Although sudden and unexpected forces pressed pause on the global media and entertainment industry in 2020, the resiliency of studios and creators sparked new movements within the industry, allowing them to say “action” once again.
In our new interactive report “Top 2021 Trends in Media and Entertainment”, twenty industry experts reveal that even in the midst of a pandemic, the media and entertainment (M&E) business - from major studios to indie creators - pushed forth innovation and reassembled their resourcefulness and technology to ensure that millions of people globally could stay connected, informed and entertained.
Innovations such as in virtual production, augmented reality, previsualization, remote workflows, and real-time pipelines have served to accelerate the rapid transmission to safer production sites, more creative experimentations, and entirely new ways of communicating and creating.
Below, we share the views from four leaders across the M&E landscape, who explain the top trends in animation, AR/VR/XR/LBE, broadcast, and visual productions that are shaping the industry in 2021.
We anticipate that real-time animation, already widely used for previs and various other stages of production, will be more widely adopted for producing final animation in 2021.
Although this production methodology is still in its infancy, we are already seeing bold moves in that direction; consider Windup, an award-winning animated film created entirely in Unity, just released this past January.
Additionally, full performance capture in real-time, eliminating the long wait for rendering, will allow for a creative team to review every detail within seconds. Directors can make creative choices on the fly, as they would during live-action film production.
Geppetto, Super 78’s real-time animation system, was built on the Unity game engine to power “interactive character” theme park attractions. But we’re already using Geppetto well outside of location-based entertainment.
-Tim Williams, Director of Research & Development: Interactive, Super 78
With the success of virtual concerts in 2020, studios and audiences will embrace the next generation of interactive real-time performances, even as real-world events re-emerge. In virtual festivals, sports, performances - audiences will feel more connected, by being a part of these unique, animated worlds.
During this exciting animation renaissance, animators are experimenting with a different look and feel for their projects - one that feels more personal.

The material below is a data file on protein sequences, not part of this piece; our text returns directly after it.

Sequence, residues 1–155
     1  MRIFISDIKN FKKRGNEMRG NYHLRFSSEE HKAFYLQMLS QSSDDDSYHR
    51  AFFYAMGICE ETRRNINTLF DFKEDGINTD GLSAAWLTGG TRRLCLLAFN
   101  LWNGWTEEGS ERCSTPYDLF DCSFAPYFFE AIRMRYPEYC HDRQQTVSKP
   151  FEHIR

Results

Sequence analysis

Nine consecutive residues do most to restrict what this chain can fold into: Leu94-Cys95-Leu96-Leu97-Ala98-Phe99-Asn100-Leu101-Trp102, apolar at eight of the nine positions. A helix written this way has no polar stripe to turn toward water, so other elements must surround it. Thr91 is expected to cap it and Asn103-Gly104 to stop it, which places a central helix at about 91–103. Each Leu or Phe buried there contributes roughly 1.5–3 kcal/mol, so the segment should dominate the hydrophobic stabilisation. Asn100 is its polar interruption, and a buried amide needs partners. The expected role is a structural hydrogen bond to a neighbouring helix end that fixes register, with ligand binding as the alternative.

Wolfwalkers and Klaus show the audience's love for hand-drawn animation. Sony Picture Animation’s Spiderman: Into the Spider-verse explored graphical comic book ink. Audiences feel they can reach out and touch the scrapbook world of Dreamworks’ Trolls and Netflix’s The Willoughbys or the paper cut-out world of Baobab’s Baba Yaga.
First generation CG animated films today are starting to show their age. However, these real-world projects will stand the test of time. These new looks will excite artists and audiences alike.
-Maureen Fan, CEO, Baobab Studios
The media and entertainment world has shown remarkable resilience to the changes that the pandemic has brought to our lives.
Most notably, it has accelerated digital transformation and compelled momentum towards moving to operational workflows that can be managed from remote locations.
The benefits of remote production are significant, offering the possibility of reducing the cost of travel, logistics, and the requirement of physical space at a customer’s premises. This means that companies can offer to deploy bare-metal servers at their own premises, remotely connect operations teams, or offer a fully digital production in the cloud.
With ongoing innovation, especially with an eye towards 5G connectivity and environmental benefits, 2021 will represent a significant milestone towards new remote production capabilities that may become the norm sooner than later.
-Benjamin Causse, SVP, Business Development & Account Management | Sport Experience, Deltatre
The traditional studio production model favors computer generated imagery as a post production process; while the art department, responsible for the physical build, starts on day one. Green screen is an established, well-understood technology that post people use to optimize the scene and overcome its shortcomings.
But just walk onto a set with a LED video wall, driven by tools and processes only made possible with game engine technology, and you realize where we are headed: The physical and digital co-exist.
We think studios will begin adopting pre-visualization initiatives directly into the creative process - allowing creative to take the written word, visualize it, put it up on a screen, and communicate their vision with all the department heads, before committing to final content creation.
This serves creatives, but also allows financial models to derive true costs much earlier in the process than the previous pipeline allows. All while providing an environment that fosters creativity.
-Dane Allan Smith, Vice President - Creative, The Third Floor inc.